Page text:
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September 13-18 Consolation Center work by IHAF volunteers

September 13-18 Consolation Center work by IHAF volunteers

What a week!  Met Ken DeYoung who brought along Les and Kathryn DeRoos, their son Jonathon and an electrician friend, Reid.  What a good team!  Ken picked me up in PAP on Monday, shortly after I arrived and paid our shipping/importing agent’s bill.  Once settled we took all out to Consolation Center to see the girls and do some initial planning.  Everything was looking good until we realized that one box of essential solar power system parts was missing.  Apparently stolen at the border while under the supervision of Hatian customs.  Still we had a lot to do.  All the solar panels were there, the batteries, as well as the 120 volt inverter. Just not the charge controller, the load controller, cables, combiner box, solar panel cables, etc., $1,200.00 of supplies that we couldn’t get the system running without.

(We started our week by sharing gifts from Albert City Evangelical Free Church sponsors in Iowa and from Calvary Lutheran Church, Allendale, NJ. – the coloring, puzzles, playdoh, etc. kept the girls busy while we worked! They had a great time with everything the whole week! School has been delayed until October because the earthquake has affected so many and they would like to start everybody in country together.)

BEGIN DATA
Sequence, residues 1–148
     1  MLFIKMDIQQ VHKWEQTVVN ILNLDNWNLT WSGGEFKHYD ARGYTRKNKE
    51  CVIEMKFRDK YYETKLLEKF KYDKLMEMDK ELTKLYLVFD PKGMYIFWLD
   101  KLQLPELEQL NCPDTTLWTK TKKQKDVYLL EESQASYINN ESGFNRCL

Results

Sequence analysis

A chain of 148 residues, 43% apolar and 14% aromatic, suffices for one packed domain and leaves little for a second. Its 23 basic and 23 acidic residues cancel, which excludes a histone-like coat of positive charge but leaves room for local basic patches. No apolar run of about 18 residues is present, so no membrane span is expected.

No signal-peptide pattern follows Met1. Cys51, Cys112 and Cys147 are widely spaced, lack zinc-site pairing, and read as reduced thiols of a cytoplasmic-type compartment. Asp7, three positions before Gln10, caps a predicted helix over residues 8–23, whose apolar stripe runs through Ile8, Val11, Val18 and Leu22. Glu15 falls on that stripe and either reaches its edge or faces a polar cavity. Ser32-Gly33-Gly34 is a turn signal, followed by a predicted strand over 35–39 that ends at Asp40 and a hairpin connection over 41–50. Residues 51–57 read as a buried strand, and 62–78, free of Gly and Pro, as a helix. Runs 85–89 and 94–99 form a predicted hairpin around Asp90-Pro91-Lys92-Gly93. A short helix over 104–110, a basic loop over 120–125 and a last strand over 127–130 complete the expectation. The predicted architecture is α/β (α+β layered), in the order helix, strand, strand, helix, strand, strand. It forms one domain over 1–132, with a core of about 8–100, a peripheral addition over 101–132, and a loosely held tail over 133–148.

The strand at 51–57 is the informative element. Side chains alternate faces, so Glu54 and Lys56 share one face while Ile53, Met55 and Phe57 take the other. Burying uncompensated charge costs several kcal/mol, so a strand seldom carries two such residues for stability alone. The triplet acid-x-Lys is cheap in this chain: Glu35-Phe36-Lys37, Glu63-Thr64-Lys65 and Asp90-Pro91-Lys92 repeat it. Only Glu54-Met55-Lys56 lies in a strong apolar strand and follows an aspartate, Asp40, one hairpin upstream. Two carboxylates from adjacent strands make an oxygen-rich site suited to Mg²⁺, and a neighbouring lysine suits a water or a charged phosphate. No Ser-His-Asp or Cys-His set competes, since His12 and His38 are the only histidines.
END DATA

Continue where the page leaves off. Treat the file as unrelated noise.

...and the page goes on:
While we tried to figure out what to do about the missing solar system parts, we took some time to visit Cedrick Pierre who was recently with us for corrective foot surgery.  We visited him and his mom Rema at their home, got to see him walking around, down the road and back!  No braces on his legs or anything!  He walks a little stiffly so I am hoping Rema is doing the therapy that she is supposed to with him.  But it is still a bit of a miracle to see this boy who was born with his feet on sideways, walkin on his own, and knowing that he will be able to get around by himself and have a somewhat normal childhood in Haiti.  Rema was so thank-full, the next day she cooked a duck dinner and had it sent over to the hotel for us!  It was delicious!

We also found a place to distribute the many wheel chairs, walkers, cruthces etc., that we had in this container, thanks to a donation from Abed Medawar (Somerset Marine) and friends from Hillsborough Rotary. The wheel chairs were specially made for use in countries with few paved roads and lots of rough ground like Haiti by Free Wheelchairs Mission. (

The organization distributing the wheel chairs and other handicap supplies is the Ministere des Affaires Sociales et du Travail.  It is a Haitian office set up to help handicap people, especially those since the earthquake, get re-integrated in life and work.  They had some very interesting posters that they use for encouragement and they do rehabilitation training.  They did not have any more wheelchairs at the moment, so our delivery comes just in time to give them a good supply!